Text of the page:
omycetales;f__Microbacteriaceae;g__Microbacterium;s__Microbacterium esteraromat\
    - GCA_003265155 (d__Bacteria;p__Firmicutes;c__Bacilli;o__Mycoplasmatales;f_\
_Mycoplasmoidaceae;g__Eperythrozoon_A;s__Eperythrozoon_A wenyonii_A;)

weighted percent identity across alignments: 97.9%
skipped 45 kb of alignments in 42 alignments (< 0 bp or < 95% identity)
GCA_003265155: removed 593kb of 597kb (99%), 34 of 37 contigs
GCF_002705755: removed 534kb of 3626kb (15%), 139 of 225 contigs

here it looks like 100% of the genome of Eperythrozoon_A wenyonii_A is contained in the genome of Microbacterium esteraromaticum_A!

I'm still fine-tuning the approach but I think this is a promising way to flag Genbank genomes that are candidates for further examination.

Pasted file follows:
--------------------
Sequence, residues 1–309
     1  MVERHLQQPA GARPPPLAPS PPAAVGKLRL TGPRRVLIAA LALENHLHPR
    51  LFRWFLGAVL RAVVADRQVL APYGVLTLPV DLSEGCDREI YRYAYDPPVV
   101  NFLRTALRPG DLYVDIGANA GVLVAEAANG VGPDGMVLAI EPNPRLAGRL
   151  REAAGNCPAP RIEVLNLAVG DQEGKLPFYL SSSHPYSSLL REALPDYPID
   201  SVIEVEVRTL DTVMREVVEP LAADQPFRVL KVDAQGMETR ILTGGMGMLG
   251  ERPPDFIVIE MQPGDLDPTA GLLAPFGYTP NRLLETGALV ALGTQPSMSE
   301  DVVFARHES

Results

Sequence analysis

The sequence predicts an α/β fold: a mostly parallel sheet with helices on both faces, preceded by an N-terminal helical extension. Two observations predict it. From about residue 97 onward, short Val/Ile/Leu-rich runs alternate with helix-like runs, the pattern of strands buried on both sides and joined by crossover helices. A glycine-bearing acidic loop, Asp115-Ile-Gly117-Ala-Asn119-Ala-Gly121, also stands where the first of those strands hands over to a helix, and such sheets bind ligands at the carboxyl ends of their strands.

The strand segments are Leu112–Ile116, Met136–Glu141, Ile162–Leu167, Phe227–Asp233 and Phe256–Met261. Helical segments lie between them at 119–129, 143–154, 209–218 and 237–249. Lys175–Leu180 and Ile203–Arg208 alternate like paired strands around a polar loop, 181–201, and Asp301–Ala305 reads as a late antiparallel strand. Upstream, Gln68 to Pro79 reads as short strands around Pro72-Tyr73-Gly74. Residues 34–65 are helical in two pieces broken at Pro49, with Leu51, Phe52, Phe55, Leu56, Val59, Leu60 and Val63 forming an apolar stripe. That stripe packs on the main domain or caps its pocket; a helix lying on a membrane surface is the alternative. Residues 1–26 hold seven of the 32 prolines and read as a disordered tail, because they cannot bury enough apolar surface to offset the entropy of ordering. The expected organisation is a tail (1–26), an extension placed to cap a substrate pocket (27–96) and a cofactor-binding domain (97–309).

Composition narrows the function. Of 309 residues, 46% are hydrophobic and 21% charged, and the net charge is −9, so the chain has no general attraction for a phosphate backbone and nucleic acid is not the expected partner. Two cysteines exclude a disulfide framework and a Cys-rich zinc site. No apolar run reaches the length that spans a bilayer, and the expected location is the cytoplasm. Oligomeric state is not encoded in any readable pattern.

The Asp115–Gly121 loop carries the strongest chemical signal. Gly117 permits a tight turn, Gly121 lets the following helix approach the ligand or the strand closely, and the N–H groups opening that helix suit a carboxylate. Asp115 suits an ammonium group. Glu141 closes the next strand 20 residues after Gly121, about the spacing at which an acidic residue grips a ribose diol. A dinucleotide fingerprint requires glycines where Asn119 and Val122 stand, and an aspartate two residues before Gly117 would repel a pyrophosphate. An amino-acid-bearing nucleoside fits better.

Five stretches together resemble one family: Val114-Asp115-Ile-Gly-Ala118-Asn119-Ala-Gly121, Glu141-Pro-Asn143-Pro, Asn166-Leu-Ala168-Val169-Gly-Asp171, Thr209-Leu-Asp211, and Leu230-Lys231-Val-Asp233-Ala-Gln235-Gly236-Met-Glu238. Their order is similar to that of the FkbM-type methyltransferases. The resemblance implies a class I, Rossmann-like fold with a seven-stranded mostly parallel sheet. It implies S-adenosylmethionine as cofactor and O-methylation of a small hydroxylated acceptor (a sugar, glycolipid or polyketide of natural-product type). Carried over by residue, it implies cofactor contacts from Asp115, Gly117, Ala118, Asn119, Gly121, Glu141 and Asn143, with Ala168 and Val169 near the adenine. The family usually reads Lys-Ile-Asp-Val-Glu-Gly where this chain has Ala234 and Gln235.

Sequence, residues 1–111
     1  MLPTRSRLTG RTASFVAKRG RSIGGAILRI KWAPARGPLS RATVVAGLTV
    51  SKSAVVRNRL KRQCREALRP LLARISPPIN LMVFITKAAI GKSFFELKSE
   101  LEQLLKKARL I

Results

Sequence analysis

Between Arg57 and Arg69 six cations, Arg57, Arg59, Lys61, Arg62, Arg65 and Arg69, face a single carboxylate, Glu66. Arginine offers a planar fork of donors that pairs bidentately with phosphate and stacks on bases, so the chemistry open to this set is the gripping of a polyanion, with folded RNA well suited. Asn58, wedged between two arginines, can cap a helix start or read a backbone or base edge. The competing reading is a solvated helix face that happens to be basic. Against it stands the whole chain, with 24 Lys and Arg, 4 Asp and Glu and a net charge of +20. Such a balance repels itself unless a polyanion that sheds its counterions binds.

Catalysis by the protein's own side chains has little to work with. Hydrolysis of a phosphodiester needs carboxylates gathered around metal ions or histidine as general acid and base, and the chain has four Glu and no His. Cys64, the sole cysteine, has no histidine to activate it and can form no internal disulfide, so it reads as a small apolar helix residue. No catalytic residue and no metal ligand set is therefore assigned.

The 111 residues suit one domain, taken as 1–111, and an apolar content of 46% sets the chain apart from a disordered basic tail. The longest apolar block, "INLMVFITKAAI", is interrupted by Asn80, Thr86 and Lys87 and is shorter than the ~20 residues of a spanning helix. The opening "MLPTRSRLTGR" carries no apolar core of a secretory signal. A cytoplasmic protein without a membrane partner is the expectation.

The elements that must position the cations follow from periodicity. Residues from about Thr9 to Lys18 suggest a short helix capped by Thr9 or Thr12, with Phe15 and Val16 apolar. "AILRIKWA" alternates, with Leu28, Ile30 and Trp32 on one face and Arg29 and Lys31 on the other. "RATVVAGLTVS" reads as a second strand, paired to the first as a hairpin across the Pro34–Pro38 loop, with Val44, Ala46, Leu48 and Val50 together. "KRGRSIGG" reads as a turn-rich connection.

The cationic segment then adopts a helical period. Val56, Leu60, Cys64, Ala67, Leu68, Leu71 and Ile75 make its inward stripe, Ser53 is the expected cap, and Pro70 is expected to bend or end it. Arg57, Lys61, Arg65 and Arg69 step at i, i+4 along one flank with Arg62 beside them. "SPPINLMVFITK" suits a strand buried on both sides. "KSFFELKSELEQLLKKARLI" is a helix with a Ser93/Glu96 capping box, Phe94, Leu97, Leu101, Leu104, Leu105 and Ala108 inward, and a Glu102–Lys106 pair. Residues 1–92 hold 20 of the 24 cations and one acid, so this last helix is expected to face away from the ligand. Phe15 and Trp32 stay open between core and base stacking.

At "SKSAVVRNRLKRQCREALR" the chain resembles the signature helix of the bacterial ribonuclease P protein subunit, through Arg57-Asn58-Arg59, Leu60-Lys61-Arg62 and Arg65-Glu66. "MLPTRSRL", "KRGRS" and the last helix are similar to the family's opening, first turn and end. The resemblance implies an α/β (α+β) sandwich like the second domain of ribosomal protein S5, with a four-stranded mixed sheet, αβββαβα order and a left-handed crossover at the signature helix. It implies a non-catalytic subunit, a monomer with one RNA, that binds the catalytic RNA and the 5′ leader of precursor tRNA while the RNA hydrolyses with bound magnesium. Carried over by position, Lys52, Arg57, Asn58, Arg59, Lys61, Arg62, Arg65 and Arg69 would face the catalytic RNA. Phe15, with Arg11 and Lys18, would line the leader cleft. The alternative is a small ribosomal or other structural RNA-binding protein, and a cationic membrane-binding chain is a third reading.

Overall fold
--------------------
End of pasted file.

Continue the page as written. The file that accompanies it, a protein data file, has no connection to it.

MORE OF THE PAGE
Some concluding thoughts for today

To summarize, what we're seeing is that whole-genome approaches to taxonomic classification (either based on phylogeny of marker genes, or on whole-genome nucleotide comparisons, or both) sometimes disagree with the details of small bits of the content.

Let me hasten to add: this is a well known approach to looking at horizontal gene transfer, and the only small bits of interesting novelty here are (a) the scaling power of sourmash and (b) the large-scale application.

Concerning my own initial question: at least some of the imprecise classifications by sourmash are probably due to cross-genome shared nucleotides, some of which may be contamination (and others of which might be legitimate lateral gene transfer, plasmids, etc.) It's hard to tell without digging in further, of course!